Zephyr is a tweak that allows the user to employ fluid swipe gestures to control their device rather than relying on its physical buttons. With Zephyr installed, users can swipe up from the bottom of the screen to access the multitasking tray rather than double-tapping the home button. Swiping onto the screen from the right or left allows users to switch between running apps without even invoking the switcher. When in a running app, swiping up from the bottom of the screen sweeps the app out of the way and returns the user to their home screen. Zephyr’s swipe gestures feel very natural and much less abrasive then using an iOS device’s physical buttons to navigate.
A third package available for free on Cydia that increases a device’s ease of use is NCSettings. This package places a row of toggles in iOS’ Notification Center, so that the user can easily switch on and off Wi-Fi, Bluetooth, Cellular Data, enable or disable Airplane Mode, change volume or screen brightness, and much more. This saves the user from having to access settings through iOS’ Settings app each time they need to turn something on or off.
Themes – Another benefit to jailbreaking a device is the installation of themes, packages that change the very look and feel of the operating system. Most themes are applied using a free app called Winterboard, which is available on Cydia. Themes often redesign everything from app icons to menus to buttons to lock screens. Themes are abundant on Cydia, and many of them are terribly designed. However, there are a few that stand out from the crowd and, according to your tastes, may actually improve the look and feel of iOS.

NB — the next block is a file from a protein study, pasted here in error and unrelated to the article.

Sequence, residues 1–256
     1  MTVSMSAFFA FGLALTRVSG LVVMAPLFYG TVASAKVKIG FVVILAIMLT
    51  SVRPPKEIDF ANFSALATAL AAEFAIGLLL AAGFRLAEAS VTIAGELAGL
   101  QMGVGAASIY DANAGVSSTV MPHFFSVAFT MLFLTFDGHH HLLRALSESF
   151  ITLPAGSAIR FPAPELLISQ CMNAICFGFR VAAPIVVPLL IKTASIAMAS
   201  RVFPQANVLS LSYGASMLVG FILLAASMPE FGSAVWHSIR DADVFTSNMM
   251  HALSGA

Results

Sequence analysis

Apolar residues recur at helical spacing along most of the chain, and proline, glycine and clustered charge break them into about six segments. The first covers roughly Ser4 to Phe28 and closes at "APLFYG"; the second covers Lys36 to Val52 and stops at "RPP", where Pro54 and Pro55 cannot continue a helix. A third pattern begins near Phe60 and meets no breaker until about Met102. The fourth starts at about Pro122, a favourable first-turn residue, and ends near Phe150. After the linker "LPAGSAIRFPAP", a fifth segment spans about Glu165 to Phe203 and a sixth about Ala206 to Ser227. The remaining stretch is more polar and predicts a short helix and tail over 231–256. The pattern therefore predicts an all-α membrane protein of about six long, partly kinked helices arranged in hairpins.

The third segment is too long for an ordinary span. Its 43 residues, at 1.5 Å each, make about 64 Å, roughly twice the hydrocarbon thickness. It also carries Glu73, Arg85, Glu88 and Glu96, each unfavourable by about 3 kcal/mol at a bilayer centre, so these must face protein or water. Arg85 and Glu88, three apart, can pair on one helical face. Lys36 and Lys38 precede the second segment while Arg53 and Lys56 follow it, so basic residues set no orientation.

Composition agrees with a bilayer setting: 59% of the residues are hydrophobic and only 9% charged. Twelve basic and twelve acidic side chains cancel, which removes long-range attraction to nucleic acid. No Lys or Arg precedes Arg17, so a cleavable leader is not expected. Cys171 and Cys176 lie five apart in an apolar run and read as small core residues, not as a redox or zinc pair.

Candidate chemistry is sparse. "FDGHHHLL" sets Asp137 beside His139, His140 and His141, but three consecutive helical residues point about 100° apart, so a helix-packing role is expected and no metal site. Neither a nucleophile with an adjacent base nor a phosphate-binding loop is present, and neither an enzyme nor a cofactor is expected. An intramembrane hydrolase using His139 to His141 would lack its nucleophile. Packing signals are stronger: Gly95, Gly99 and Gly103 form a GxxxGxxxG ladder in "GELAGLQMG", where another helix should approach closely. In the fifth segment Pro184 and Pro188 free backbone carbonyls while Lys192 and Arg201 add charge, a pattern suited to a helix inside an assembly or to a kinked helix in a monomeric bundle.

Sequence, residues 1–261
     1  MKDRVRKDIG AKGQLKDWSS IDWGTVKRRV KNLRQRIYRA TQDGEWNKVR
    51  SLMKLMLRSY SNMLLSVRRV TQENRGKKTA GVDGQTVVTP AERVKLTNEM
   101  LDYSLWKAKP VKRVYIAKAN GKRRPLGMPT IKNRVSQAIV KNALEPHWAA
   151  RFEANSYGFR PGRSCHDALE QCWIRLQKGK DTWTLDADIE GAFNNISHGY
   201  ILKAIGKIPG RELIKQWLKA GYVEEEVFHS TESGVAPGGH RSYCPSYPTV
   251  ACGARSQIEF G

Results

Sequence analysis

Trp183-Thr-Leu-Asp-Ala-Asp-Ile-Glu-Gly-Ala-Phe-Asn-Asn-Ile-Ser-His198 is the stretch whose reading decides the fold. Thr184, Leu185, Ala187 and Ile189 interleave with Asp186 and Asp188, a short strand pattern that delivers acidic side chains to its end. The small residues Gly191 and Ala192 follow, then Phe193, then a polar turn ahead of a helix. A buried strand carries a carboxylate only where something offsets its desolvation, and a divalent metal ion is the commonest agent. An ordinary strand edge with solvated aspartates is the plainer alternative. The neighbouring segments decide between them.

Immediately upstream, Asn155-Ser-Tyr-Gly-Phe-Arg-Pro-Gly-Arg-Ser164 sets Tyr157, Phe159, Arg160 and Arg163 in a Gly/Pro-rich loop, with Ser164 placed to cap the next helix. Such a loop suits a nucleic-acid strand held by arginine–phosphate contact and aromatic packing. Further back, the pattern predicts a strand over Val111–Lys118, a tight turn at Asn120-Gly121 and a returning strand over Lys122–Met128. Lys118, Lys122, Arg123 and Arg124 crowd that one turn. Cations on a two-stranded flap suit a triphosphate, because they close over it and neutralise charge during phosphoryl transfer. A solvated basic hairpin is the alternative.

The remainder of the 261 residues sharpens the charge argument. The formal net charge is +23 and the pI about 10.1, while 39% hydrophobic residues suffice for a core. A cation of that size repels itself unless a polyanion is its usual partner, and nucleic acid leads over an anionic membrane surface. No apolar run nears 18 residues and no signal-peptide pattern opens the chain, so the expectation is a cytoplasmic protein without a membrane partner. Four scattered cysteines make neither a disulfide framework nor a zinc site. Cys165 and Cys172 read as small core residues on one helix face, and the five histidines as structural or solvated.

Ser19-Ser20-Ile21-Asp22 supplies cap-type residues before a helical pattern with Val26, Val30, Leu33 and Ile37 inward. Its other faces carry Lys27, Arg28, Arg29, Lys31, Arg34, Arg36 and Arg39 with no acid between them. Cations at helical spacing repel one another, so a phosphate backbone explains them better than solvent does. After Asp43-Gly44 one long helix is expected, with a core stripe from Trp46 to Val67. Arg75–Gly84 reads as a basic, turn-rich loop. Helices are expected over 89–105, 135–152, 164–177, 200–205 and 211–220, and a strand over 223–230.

Two of my favorite themes that are brilliantly designed are Ayecon and Aplo.
Ayecon, an incredibly detailed theme called developed by a designer who calls himself Surenix, uses every pixel on a device with a Retina Display to its fullest.
Aplo is a theme with an eye toward simplicity and richness and was created by a designer named Sentry.
Installing a theme on an iOS device can really set it apart and make it unique.
Jailbreaking an iOS device provides the user a level of customizability that is not available on a stock device. If this article has been your first exposure to jailbreaking, you are likely interested but have some questions or reservations about its legality, safety, and the potential for the process to permanently harm your device. In Lesson 2 in this series, we will dive into some common misconceptions about jailbreaking. Also, check out Lesson 3: Pros and Cons of Jailbreaking and Lesson 4: How to Perform a Jailbreak.